Catholic Youth Ministry: Is It Worth It?

by gary-foote on February 5, 2011

Although it was over 11 years ago, I remember it like it was yesterday. I was working with an organization named, N.E.T. Ministries, as a Catholic evangelizer. Yes, I meant to put Catholic and evangelizer in the same sentence. N.E.T.’s purpose is, “Challenging Young Catholics to Love Christ and Embrace the Life of the Church.” At times, I felt like I was in Charles Dickens, A Tale of Two Cities, as I lived out my life traveling to a different city almost everyday. As Dickens’ said, “It was the best of times, it was the worst of times.” I loved the ministry and working with all of the wonderful people that I came into contact with on a daily basis, but it was very challenging to live in a van with 11 other people with nothing more than a backpack, pillow, one suitcase, and my guitar. I often refer to that time of my life as my “Catholic hippy year.”

Remember, this was 11 years ago so we didn’t have GPS, wireless internet, or even cell phones available to us. I would typically go a minimum of two weeks without speaking to any of my family because we traveled so much and I often didn’t have access to a phone at a time where my family may have been home. There were days when I had to wear dirty clothes (wearing already worn socks was my least favorite), eat pizza for three meals of the day, and sleep on a floor somewhere. The majority of my work with N.E.T. involved retreat ministry to junior high and high school students. While on retreat, it was the greatest life ever! But, when the retreat was over, I would begin to question everything that I was experiencing and whether or not the sacrifices were really something that I wanted to do.

N.E.T. provides excellent training to succeed at the mission of evangelization, but nothing can prepare you for the reality of “life on the road.” During one of our training sessions, Christopher Kraker, the Associate Director of N.E.T., posed an incredibly important question to all 100 of us missionaries who were present. Christopher has worked for N.E.T. for over 15 years. As he walked up to the front of the room that night, he began to well up with tears. On a side note, something you need to know about Christopher is that you would never expect to see the man cry based on his appearance. He’s about 6’1 or so, in pretty good shape, and shaves his head. He is lovingly referred to as, “Krock the Rock.” There was a hush that came across the room as everyone realized that this strong man of God was about to cry.

Kristopher began to share with us all about the sacrifices that he has had to make as he and his family have worked in ministry over the years. In particular, he shared about how he has had to spend much time away from his family. He express that he hated the amount of time he was away from his family. He shared about how he would much rather be with his family as they celebrated birthdays, sports games, and other important events that overlapped with the same time as our training. At this point, I felt really bad for him and wanted to yell through the crowd, “Go home! We will be okay.” The next part of what Christopher shared though is what has stuck with me for the past 11 years. He said that when all is said and done he asks one question, “Is It Worth It?” This particular time for Christopher it was worth it to be away from his family to help the 100 of us in our training. Although he would have rather had been with his family, he and his wife had discerned that it was worth it for the sacrifice of him to be away for the training. As I looked at all I was giving up to serve with N.E.T., I was able to see that at that point and time it was worth it for me to sacrifice all of those things for the sake of the ministry.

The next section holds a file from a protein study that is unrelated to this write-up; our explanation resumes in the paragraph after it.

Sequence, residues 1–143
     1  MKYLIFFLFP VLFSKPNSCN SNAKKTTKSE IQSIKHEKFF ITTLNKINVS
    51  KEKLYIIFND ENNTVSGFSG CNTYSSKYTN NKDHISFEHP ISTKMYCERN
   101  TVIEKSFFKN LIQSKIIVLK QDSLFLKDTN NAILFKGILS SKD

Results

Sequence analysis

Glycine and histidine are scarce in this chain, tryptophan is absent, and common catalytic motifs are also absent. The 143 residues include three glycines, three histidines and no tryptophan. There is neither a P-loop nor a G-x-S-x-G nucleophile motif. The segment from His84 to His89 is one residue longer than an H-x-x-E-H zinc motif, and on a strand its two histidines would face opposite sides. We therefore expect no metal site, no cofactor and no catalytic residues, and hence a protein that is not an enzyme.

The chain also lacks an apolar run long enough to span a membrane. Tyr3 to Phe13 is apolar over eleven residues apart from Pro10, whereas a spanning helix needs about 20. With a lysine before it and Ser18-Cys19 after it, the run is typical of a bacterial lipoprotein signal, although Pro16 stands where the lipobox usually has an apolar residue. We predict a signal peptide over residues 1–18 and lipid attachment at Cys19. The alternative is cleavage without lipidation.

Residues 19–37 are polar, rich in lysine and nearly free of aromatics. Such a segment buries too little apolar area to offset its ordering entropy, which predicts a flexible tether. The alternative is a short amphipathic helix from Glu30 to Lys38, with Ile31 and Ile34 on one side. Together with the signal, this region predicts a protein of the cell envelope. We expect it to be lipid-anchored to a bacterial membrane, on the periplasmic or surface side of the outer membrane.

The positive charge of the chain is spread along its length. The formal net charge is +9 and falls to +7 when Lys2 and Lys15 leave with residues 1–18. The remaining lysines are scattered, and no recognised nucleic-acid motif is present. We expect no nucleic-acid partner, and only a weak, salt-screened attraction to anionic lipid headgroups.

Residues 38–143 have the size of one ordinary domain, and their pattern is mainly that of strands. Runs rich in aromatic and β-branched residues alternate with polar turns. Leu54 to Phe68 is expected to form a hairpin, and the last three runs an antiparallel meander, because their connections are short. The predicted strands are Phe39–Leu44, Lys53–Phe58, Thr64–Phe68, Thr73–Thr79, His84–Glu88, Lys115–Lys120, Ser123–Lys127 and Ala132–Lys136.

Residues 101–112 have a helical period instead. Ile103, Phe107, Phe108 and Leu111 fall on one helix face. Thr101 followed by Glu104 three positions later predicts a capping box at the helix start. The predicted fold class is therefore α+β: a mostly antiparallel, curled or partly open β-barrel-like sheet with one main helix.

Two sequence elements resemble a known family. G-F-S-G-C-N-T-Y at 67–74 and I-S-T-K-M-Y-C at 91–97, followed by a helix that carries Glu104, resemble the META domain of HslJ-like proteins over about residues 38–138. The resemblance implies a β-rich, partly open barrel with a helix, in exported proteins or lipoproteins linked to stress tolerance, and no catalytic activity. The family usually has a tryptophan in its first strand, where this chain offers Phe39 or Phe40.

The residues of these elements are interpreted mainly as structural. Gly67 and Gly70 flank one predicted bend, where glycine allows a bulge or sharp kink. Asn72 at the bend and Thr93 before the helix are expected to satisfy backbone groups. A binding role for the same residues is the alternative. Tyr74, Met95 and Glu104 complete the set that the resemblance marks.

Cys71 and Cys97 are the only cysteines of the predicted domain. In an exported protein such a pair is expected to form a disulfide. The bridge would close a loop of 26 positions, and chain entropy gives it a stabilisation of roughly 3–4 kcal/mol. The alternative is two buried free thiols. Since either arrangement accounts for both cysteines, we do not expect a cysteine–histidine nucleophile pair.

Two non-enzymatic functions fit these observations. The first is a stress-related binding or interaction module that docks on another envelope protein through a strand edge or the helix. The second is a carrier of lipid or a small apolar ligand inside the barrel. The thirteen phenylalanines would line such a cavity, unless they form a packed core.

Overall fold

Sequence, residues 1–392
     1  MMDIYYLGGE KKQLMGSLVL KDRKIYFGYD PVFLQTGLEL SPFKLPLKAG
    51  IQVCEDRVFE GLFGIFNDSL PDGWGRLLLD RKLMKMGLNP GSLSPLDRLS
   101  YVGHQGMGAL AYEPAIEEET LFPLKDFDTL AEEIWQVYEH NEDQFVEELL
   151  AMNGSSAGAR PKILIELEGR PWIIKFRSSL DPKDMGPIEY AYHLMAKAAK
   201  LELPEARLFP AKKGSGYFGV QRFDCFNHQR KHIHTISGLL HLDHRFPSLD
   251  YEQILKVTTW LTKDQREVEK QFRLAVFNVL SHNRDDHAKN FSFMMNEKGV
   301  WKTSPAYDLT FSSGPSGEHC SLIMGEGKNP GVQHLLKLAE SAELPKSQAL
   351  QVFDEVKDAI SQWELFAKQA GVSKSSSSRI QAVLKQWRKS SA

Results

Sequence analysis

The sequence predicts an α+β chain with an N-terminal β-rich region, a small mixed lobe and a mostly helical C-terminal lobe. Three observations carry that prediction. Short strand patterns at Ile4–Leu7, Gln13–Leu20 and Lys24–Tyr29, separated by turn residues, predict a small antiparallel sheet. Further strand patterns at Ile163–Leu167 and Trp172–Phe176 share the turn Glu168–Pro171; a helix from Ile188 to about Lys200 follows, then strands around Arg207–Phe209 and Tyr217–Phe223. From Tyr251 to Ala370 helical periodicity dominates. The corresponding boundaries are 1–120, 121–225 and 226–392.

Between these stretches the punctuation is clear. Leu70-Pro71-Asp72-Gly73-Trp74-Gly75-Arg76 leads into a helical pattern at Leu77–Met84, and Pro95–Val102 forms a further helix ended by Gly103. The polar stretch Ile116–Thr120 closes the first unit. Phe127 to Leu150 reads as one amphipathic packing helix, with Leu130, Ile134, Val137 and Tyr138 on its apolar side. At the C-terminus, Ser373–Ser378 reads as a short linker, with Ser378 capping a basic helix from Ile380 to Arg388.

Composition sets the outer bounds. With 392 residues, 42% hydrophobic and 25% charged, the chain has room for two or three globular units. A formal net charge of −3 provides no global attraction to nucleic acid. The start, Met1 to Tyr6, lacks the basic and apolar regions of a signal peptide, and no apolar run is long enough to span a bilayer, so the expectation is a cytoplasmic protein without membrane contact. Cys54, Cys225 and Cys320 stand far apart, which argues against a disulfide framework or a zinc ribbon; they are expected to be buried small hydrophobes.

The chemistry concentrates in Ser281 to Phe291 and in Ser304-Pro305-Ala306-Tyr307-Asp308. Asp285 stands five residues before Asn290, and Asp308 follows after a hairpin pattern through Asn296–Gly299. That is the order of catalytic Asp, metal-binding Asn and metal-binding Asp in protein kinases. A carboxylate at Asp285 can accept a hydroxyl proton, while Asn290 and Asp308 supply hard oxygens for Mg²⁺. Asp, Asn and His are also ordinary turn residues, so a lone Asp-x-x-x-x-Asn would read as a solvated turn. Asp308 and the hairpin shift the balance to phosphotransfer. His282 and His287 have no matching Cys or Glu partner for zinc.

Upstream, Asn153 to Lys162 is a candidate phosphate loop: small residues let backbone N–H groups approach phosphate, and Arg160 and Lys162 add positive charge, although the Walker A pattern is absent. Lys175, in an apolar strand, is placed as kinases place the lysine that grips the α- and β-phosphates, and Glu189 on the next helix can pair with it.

I routinely ask the question now, “Is It Worth It,” when I discern things by myself or with my wife. I think that it is a necessary question. The challenge comes in following through with the appropriate action as the question is answered. Every time I’m invited to be a speaker, lead a retreat, consult, or give a seminar I ask the question, “Is It Worth It?” There are times where it is, and times where it is not. My wife and I work as a team in ministry. When I have to fly somewhere and be gone for a number of days we have both come to the conclusion that it is worth it for our mission of “Spreading the Gospel.” But, there are times where I have to lovingly turn down an invitation. For example, I was invited to lead a parish mission the same weekend as my son’s first birthday. As I discerned and asked, “Is it worth it,” I had discerned with my wife that no, I needed to be at home with my family to celebrate this important day.  On the other hand, for the past four years, I’ve had ministry opportunities come up on Valentine’s Day where we discerned that it was worth it for me to go and I’ve been out of state on Valentine’s Day four consecutive years.

Working in ministry has to be a give and take relationship. As ministers, we cannot say “YES,” to every opportunity that comes our way or we will end up burning out. Even worse, if we say yes to everything, we could end up putting our vocations as spouse and parent on the back burner, become physically ill, have a very unhealthy lifestyle, or even loose our faith but not investing in our self. Remember, even Jesus took time for Himself in prayer, reflection, and rest, and He is God! Please heed the words of “Krock the Rock,” and ask yourself continually, “Is it worth it?” and follow through appropriately. This is the way that we can be holy, healthy, and effective in youth ministry and our day-to-day lives.

In Christ,

Gary Foote

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